Hirai: The ratio used to be 0.7 times or so. It has doubled. The ratio of job openings for applicants for permanent staff member positions also reached the highest level ever, above 0.8 times. Tokyo may be the place to be if you want to become a billionaire. But I think the countryside is the choice for those who seek a certain amount of money and a lot of happiness. As a matter of fact, trends are shifting. For example, about 20 percent of respondents living in urban areas expressed their desire to move when asked if they wished to move to a farming, mountain or fishing village in a survey that was conducted by the Cabinet Office 10 years ago. More than 30 percent of urban respondents choose the same answer in response to the same survey question today. The number of urbanites interested in moving to the countryside has been growing steadily. Around the time when I became the prefectural governor, people said that only senior citizens would come to Tottori, even if we campaigned for people to move to Tottori.
Motani: That part of your book was a true eye-opener for me. I didn’t know that the staff members in your prefectural government in those days were convinced that only elderly people would come from urban areas to Tottori.
Hirai: That’s right. There was a belief that said we should not encourage moving because the arrival of elderly people would create a financial burden. However, it turned out that moving centered on people in their 20s and 30s. I can tell you this based on the behavior of my own children, but these people belong to a generation of workers who will not merely toil away. They want to live more independently, instead of competing with others. That’s their way of thinking. Furthermore, they are looking for a better environment for raising their children. The countryside offers a better environment for raising children.
Motani: Mr. Hirai, you were born in Kanda, Tokyo, older than me, and on the elite track. I find it significant for someone like you to say that. One of my own children entered a university in the countryside. I’m thinking that it would be nice if my other children go to the countryside, too. I’m thinking this way because there is no happiness or victory at the end of the fierce competition to get into a good school and a good company. Almost everyone at good companies ends up with a temporary transfer to another company midway through their career. Presidents and others who remain at their companies until the very end do not look happy at all. I feel that the idea of going to a city and surviving in a large Japanese organization is admirable may be a collective illusion. Becoming a winner in that way has no international currency. That winner will become a nobody without any work skills after retirement, too.
Hirai: I feel that things used be OK that way. But now I think I can understand very well why people come to Japan for sightseeing from countries like China and Singapore, where society is becoming more and more competitive. Japan offers those visitors something that their own countries are beginning to lose. I feel that the importance attached to the countryside is that missing something.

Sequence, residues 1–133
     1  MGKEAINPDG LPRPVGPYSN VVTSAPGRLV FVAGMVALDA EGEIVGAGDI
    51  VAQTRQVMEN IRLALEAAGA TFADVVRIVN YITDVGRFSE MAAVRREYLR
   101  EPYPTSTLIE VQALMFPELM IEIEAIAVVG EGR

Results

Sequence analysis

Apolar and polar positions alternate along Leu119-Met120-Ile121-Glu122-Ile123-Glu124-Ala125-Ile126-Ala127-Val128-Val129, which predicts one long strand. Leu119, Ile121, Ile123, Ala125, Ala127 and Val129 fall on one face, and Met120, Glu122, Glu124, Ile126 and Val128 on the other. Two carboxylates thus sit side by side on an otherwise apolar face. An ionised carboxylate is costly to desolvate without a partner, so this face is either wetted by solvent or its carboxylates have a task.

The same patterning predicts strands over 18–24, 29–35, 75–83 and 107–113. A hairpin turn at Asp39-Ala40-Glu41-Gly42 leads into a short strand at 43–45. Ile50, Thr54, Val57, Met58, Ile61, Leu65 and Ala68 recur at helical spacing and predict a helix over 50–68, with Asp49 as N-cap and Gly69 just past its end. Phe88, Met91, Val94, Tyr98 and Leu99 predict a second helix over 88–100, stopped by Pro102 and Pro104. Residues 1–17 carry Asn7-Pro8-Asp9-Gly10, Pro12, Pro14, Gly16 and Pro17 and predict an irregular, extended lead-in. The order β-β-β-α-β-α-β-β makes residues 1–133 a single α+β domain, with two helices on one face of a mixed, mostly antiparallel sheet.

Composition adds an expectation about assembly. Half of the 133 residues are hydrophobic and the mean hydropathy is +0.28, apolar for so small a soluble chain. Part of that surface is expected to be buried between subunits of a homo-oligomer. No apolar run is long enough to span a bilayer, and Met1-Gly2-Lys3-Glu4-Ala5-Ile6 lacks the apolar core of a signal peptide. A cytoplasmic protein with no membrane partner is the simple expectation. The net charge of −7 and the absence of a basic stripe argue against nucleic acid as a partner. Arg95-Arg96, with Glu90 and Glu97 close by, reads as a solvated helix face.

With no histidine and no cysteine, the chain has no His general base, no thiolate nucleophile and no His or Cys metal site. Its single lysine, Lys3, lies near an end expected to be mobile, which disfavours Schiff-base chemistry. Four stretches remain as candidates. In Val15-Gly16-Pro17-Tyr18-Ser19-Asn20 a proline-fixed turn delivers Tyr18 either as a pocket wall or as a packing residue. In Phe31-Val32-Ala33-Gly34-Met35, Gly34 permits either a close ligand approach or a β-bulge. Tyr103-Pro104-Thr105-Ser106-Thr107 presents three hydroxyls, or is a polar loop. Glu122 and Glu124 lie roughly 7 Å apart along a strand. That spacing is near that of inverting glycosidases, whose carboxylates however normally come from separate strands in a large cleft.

Motani: The economic development of Japan did not go as far as to destroy its countryside completely. Tottori Prefecture made an abandoned sector profitable ahead of other prefectures. Tottori is precisely the top runner in a group that is running one lap behind. Tottori is not the average countryside. The countryside comes in many varieties, but I think few prefectures in Japan chose to launch primary industry brands and develop them into a six-order industry (in which members of primary industries take charge of processing and sales) at a stage as early as Tottori.
Going back to the environment for raising children, as I mentioned earlier, I think it was also terrific for Tottori Prefecture to establish a structure for supporting nurseries without any classroom building or fixed program, known as Mori-no Yochien (Forest Kindergartens). The numbers of Mori-no Yochien are increasing all over Japan, but an overwhelming majority of local governments are instructing the administrators of these facilities to choose their registration status from either yochien (kindergartens) or hoikuen (day nurseries). By extending such instructions, they are asking Mori-no Yochien operators to build a classroom building. But Tottori Prefecture is making sure that its support goes to Mori-no Yochien, too, accepting their status as facilities that are neither yochien nor hoikuen. In this case, the local government is correcting the bureaucratic sectionalism of the central government.
As a matter of fact, a Mori-no Yochien local mother had independently created one in in another prefecture and received the compulsory instruction from the town authorities to choose the facility status of yochien. This instruction left the mother with no choice but to build a classroom building. I’m thinking about making a donation to her myself, because the mother has no money for the facility construction. I saw how Mori-no Yochien was received without a classroom building in her prefecture and realized how wonderful it would be if those authorities dealt with that case in the same way as Tottori Prefecture.